singalong your post is me ((hugs to you)) I'm quiet. Very rarely speak up for myself. I've gone on to have a good career and have a lovely DH and 2 children. But my marriage has gone through difficult times because of my inability to show emotion. Throughout my whole childhood I was never able to show sadness because I was being strong for my mum.

In the middle of the most awful screaming matchs between my mum and dad, my dad would shout upstairs for me to come down because 'I understood him' Baring in mind that I was 8 years old, it was 1am and I had school the next day! I used to sit on the sofa shivering with tiredness and listen to them shout at each other some more.

I have a fairly good relationship with my mum. But I've never gone to her for advice. She's never been a shoulder to cry on. I think because of all that I saw and heard as a child, I thought she was weak. I was the strong one. I've never needed anyone. My DH was the first person who allowed me to cry and tell the whole story. He cried when I told him too.

The things I saw, heard. No child should have to go through that. It's sad. I have extremely high expectations regarding my parenting. If DH as much as raises his voice to me in front of the kids, I have to walk away. He knows why. I avoid confrontations of any kind.

It's why I don't have the close relationship with my mum. How could she have stayed in such a destructive relationship? Where was her pride? How could she have done that to me? I would never, ever, ever, let my children go through what I did sad

hogmanyay Wed 02-Jan-13 00:03:31

I am so glad you have a lovely dh , imagine someone crying for you that is wonderful.

AlmostHadItAll Wed 02-Jan-13 00:07:16

I know hogmanyay we both bawled our eyes out then kissed smile I met DH the year my dad died. At the time I thought it was my dad doing one good deed for me. Sending me a 'good guy'

ChristmasNamechangeBridezilla Wed 02-Jan-13 00:13:52

JuliaScurr What you described is how I've felt for so much of my life.

Both my parents are alcoholics, my father slightly less so and more functioning than my mother who walked out on us and completely lost it for several years. She is married again now to a man who also has alcohol problems and while she holds down a job and doesn't drink every day anymore (due to him having sclerosis of the liver), when they do drink, they fight horribly as my mum and dad used to. She will often ring me and become abusive at any perceived slight just because she is drunk but when sober she is a lovely, very sensitive person.

My father was violent and abusive in drink, not to me but to my mother and he cheated on her a lot. They were constantly breaking up and getting back together although my dad has been married to someone else for several years and is better but still a conplete pain in the neck when he has had a drink. he has a sharp tongue which scares me to this day.

My homelife was actually very difficult at times but I don't seem to remember that side of it, perhaps I have detatched/blocked it out a little and I hate this "blame your problems on your parents" school of thought so I never really visit it of think about it a lot but I am a very unconfident person in a lot of ways.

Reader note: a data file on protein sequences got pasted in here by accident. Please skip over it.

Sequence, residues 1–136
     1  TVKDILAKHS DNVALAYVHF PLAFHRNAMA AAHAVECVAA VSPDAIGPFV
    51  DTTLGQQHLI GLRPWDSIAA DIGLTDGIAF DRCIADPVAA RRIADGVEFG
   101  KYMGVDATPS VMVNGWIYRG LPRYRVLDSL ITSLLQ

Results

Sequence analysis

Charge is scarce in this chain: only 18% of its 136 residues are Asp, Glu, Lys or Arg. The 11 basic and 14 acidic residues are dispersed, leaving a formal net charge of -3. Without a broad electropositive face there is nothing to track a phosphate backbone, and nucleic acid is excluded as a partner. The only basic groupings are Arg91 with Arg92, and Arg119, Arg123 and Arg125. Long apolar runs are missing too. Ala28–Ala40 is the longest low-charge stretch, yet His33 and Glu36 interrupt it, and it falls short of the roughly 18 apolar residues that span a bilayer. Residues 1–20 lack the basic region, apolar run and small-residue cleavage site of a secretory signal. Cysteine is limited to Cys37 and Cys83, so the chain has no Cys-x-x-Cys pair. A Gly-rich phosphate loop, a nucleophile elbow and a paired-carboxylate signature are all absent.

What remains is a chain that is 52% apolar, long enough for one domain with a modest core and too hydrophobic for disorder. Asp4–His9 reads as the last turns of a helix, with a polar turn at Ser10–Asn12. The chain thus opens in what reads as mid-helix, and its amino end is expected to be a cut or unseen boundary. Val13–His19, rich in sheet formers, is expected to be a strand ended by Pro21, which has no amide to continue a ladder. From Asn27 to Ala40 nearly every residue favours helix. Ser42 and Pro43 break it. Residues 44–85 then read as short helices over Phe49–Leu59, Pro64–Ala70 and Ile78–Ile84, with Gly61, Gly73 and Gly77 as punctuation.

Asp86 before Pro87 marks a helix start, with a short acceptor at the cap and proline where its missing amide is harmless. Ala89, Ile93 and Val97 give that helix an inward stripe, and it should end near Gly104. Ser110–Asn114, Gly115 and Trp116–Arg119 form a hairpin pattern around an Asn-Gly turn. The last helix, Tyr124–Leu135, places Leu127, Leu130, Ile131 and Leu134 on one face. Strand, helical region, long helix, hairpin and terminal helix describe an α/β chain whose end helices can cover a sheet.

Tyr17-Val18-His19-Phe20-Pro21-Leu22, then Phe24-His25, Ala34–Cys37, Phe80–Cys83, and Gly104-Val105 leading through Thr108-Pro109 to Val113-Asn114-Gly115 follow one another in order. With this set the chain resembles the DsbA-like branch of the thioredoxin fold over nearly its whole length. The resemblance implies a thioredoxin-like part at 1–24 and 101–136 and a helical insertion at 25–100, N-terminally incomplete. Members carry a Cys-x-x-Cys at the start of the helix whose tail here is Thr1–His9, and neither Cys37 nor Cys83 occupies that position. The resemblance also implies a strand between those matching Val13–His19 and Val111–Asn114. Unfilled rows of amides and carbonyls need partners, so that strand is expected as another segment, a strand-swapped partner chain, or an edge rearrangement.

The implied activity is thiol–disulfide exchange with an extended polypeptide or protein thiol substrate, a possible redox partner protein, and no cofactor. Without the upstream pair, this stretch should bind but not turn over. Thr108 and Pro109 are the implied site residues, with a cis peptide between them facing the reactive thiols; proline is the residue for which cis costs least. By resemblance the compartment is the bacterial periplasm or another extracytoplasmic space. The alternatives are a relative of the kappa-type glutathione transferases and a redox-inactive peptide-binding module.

I struggle with the enormities of my responsibilities (parenthood, job, mortgage etc) although I always live up to them, they seem huge to me and I married a man who is a fixer, who is willing and able to step in for me financially and emotionally and who makes it his business to solve all my problems (cheesy I know). Part of me loves this, part of me fights against it to keep an illusion of independence which seems to be important to me. I suffer from anxiety but have nevee really got help for it and spend a lot of time wishing I could be different or better when on the surface of things, I probably look as though I have it all. I don't like myself a lot of the time.

ChristmasNamechangeBridezilla Wed 02-Jan-13 00:19:13

Wow I have gone on about myself for a long time. grin

hogmanyay Wed 02-Jan-13 00:29:12

What an eloquent account Christmas , and well done for making such a success of your life.

I always felt Ihadn't been affected since I have a good career and did well at school etc and was always the good one, but just now am seeing therapy might help me. I always felt I lacked the resilience to cope with some of the bad things later life threw at me... I coped, but it has affected me.

I too cope with my responsibilities but I carry them heavily

I hope this thread will help

Beaverfeaver Wed 02-Jan-13 00:57:13

DF is alcoholic. Has been since before my parents were married over 35 years ago.
His parents were both alcoholics and both died in their early 50's from it, and I never knew them.

I love my DF and feel bad for him.
He is a highly respected and clever man.

I want him to be around to see his GC grow up and for him to be a good influence on them.

His drinking got really bad at one stage by which time I had already moved out, so all I knew of it was the upset phone calls I got from DM.

Unfortunatly my younger siblings still live at home and saw him at his worse and now one won't be I'm the same room as him.

I feel sorry for both of them, as he doesn't deserve that, but sibling shouldn't have had to see what they did.

He now is doing much better since the first GC came along.

hogmanyay Wed 02-Jan-13 01:07:16

I think the younger ones cn be more affected .. Could he seek help or could he leave while he gets it under control.

Beaverfeaver Wed 02-Jan-13 01:10:04